The invention has been described herein in considerable detail in order to comply with the Patent Statutes and to provide those skilled in the art with the information needed to apply the novel principles and to construct and use such specialized components as are required. However, it is to be understood that the inventions can be carried out by specifically different equipment and devices, and that various modifications, both as to the equipment details and operating procedures, can be accomplished without departing from the scope of the invention itself.

Patent Citations
Cited PatentFiling datePublication dateApplicantTitle
US5828793 *May 6, 1996Oct 27, 1998Massachusetts Institute Of TechnologyMethod and apparatus for producing digital images having extended dynamic ranges
US5989835Feb 27, 1997Nov 23, 1999Cellomics, Inc.Automated monitoring of fluorescence; analyzing using computer; data processing
US6480876 *May 28, 1998Nov 12, 2002Compaq Information Technologies Group, L.P.System for integrating task and data parallelism in dynamic applications
US6631212 *Sep 13, 1999Oct 7, 2003Eastman Kodak CompanyTwostage scheme for texture segmentation based on clustering using a first set of features and refinement using a second set of features
US6771736 *Jul 25, 2002Aug 3, 2004Ge Medical Systems Global Technology Company, LlcMethod for displaying temporal changes in spatially matched images
US6859550 *May 31, 2001Feb 22, 2005Seho OhRobust method for image feature estimation
US7190809 *Jun 28, 2002Mar 13, 2007Koninklijke Philips Electronics N.V.Enhanced background model employing object classification for improved background-foreground segmentation
US20030036853Dec 21, 2001Feb 20, 2003Cellomics, Inc.Automated assay for identification of individual cells during kinetic assays
US20030036855 *Aug 16, 2002Feb 20, 2003Praelux Incorporated, A Corporation Of New JerseyMethod and apparatus for screening chemical compounds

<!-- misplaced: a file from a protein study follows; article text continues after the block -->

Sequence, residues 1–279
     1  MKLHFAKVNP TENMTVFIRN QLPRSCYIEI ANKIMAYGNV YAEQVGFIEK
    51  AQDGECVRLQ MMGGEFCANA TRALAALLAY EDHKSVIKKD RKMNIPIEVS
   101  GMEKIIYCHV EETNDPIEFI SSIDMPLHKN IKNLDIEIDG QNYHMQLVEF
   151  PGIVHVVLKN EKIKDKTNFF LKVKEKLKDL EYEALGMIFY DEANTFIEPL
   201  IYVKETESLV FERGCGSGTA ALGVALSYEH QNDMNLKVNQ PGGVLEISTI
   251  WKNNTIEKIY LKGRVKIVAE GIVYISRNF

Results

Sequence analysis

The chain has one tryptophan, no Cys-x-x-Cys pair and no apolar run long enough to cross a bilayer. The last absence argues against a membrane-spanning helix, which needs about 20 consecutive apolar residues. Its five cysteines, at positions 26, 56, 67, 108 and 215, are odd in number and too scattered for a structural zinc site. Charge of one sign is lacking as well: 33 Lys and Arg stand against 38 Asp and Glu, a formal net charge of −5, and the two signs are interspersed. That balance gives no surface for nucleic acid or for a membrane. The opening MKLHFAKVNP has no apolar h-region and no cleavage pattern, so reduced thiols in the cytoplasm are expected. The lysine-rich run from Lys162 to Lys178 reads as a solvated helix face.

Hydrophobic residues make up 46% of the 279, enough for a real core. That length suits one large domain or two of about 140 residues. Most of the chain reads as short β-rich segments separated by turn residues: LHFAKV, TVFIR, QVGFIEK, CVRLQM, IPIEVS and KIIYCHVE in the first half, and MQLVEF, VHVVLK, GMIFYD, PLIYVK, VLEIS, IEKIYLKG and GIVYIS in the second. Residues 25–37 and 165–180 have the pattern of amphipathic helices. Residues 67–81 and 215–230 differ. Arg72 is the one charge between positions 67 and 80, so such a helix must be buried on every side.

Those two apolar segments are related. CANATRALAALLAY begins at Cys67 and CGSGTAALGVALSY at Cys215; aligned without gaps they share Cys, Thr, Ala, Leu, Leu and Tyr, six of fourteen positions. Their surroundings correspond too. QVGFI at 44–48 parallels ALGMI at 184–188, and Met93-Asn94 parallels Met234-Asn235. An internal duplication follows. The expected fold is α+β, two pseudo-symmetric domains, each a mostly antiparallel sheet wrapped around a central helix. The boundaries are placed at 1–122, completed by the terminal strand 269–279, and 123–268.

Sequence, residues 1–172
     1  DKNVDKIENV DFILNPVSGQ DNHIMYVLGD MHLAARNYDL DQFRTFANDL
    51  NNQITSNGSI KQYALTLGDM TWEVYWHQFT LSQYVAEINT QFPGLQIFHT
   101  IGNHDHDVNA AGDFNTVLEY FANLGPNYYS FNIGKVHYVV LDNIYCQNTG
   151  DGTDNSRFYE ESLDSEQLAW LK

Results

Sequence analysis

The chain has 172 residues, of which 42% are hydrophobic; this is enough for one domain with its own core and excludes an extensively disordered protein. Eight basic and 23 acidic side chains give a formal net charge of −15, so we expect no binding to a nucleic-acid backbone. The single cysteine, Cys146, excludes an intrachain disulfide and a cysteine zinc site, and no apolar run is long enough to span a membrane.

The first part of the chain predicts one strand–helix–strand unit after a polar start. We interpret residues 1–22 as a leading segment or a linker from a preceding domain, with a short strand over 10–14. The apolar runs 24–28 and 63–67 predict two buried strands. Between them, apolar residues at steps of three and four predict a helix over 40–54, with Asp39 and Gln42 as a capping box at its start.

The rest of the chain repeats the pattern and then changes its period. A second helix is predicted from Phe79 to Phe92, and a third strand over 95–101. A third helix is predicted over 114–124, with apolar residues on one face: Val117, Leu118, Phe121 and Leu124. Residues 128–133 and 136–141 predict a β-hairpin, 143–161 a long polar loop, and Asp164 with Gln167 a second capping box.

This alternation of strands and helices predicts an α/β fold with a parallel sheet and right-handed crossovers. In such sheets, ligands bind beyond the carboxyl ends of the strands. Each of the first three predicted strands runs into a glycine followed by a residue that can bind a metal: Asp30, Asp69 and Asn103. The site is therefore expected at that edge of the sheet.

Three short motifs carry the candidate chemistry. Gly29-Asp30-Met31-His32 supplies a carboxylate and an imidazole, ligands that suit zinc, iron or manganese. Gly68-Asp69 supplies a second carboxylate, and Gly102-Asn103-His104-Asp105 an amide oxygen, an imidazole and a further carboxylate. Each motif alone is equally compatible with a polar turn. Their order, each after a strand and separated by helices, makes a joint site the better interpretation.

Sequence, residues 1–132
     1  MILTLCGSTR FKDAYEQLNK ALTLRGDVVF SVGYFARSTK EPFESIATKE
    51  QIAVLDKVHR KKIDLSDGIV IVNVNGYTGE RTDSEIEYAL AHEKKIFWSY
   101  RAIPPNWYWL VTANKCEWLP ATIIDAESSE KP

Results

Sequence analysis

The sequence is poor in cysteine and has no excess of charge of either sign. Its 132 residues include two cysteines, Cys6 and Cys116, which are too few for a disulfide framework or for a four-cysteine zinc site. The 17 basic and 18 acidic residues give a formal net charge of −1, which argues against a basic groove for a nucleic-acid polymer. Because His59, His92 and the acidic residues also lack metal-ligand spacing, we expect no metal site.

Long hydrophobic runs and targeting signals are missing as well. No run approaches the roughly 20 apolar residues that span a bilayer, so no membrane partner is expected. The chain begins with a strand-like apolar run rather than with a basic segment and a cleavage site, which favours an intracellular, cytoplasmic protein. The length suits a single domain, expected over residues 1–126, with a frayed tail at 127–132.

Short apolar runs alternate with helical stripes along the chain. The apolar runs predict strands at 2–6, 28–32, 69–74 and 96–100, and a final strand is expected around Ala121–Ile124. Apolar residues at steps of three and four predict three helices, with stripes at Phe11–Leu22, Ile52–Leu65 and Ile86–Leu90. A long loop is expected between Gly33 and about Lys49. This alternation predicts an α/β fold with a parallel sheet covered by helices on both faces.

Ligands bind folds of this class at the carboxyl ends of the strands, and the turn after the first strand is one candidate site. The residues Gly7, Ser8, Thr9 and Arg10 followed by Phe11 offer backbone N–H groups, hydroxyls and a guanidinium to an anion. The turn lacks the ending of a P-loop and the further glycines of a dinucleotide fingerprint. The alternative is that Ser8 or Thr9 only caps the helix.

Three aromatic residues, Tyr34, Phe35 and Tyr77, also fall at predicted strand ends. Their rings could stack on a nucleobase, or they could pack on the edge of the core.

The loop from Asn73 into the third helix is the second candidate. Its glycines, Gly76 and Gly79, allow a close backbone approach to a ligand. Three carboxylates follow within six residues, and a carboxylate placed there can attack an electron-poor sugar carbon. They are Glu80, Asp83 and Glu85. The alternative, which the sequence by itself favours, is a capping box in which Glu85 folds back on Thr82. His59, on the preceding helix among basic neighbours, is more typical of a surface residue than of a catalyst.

US20040101912Oct 15, 2003May 27, 2004Cellomics, Inc.Using fluorescent assay to identify parathyroid hormone receptor ligands and modulators which effect internalization of luminescent signal
US20050232474 *Apr 14, 2005Oct 20, 2005Guo-Qing WeiSpatial-temporal lesion detection, segmentation, and diagnostic information extraction system and method
US20060039593 *May 13, 2005Feb 23, 2006Paul SammakMethods and systems for imaging cells
US20060072817 *Sep 29, 2004Apr 6, 2006Shih-Jong J. LeeMethod for robust analysis of biological activity in microscopy images
US20080292194 *Apr 27, 2006Nov 27, 2008Mark SchmidtMethod and System for Automatic Detection and Segmentation of Tumors and Associated Edema (Swelling) in Magnetic Resonance (Mri) Images
Non-Patent Citations
Reference
1 *Brown, L.M. (Dec. 2001) "3D head tracking using motion adaptive texture-mapping." Proc. 2001 IEEE CS Conf. on Computer Vision and Pattern Recognition, vol. 1 pp. 998-1003.
2 *Coleman et al. (Sep. 1980) "A system of subroutines for iteratively reweighted least squares computations." ACM Trans. on Mathematical Software, vol. 6 No. 3, pp. 327-336.
3Elwenspoek M "The ideal law of mass action and first-order phase transition", J. Phys. A: Math. Gen. 16 No. 12 (Aug. 21, 1983) L435-L437.
4 *Paterson et al. (Sep. 2003) "3D head tracking using non-linear optimization." British Machine Vision Conf.
5 *Tosteson et al. (Dec. 1999) "Confidence maps and confidence intervals for near infrared images in breast cancer." IEEE Trans. on Medical Imaging, vol. 18 No. 12, pp. 1188-1193.
6 *Wang et al. (May 2000) "A confidence measure based moving object extraction system built for compressed domain." Proc. 2000 IEEE Intl Symp. on Circuits and Systems, vol. 5 pp. 21-24.
Referenced by
Citing PatentFiling datePublication dateApplicantTitle
US8406494 *Jul 23, 2009Mar 26, 2013Siemens Medical Solutions Usa, Inc.Anatomical primitive detection
US20100034440 *Jul 23, 2009Feb 11, 2010Siemens Medical Solutions Usa, Inc.Anatomical Primitive Detection
US20110187699 *Apr 8, 2011Aug 4, 2011Sony CorporationPixel circuit, display and driving method thereof
Classifications
U.S. Classification382/133
International ClassificationG06K9/00
Cooperative ClassificationG06K9/036, G06K9/40, G06K9/0014
European ClassificationG06K9/40, G06K9/00B2, G06K9/03Q
Legal Events
DateCodeEventDescription
May 30, 2008ASAssignment
Owner name: DRVISION TECHNOLOGIES LLC, WASHINGTON
Free format text: ASSIGNMENT OF ASSIGNORS INTEREST;ASSIGNOR:SVISION LLC;REEL/FRAME:021020/0711
Effective date: 20080527
Owner name: DRVISION TECHNOLOGIES LLC,WASHINGTON
Free format text: ASSIGNMENT OF ASSIGNORS INTEREST;ASSIGNOR:SVISION LLC;US-ASSIGNMENT DATABASE UPDATED:20100413;REEL/FRAME:21020/711
Apr 27, 2008ASAssignment
Owner name: SVISION LLC, WASHINGTON
Free format text: ASSIGNMENT OF ASSIGNORS INTEREST;ASSIGNOR:LEE, SHIH-JONG J., DR.;REEL/FRAME:020861/0665
Effective date: 20080313
Owner name: SVISION LLC,WASHINGTON
Free format text: ASSIGNMENT OF ASSIGNORS INTEREST;ASSIGNOR:LEE, SHIH-JONG J., DR.;US-ASSIGNMENT DATABASE UPDATED:20100413;REEL/FRAME:20861/665
Sep 5, 2006ASAssignment
Owner name: LEE, SHIH-JONG J., WASHINGTON
Free format text: ASSIGNMENT OF ASSIGNORS INTEREST;ASSIGNORS:OH, SEHO;CHO, HANSANG;REEL/FRAME:018286/0716
Effective date: 20060905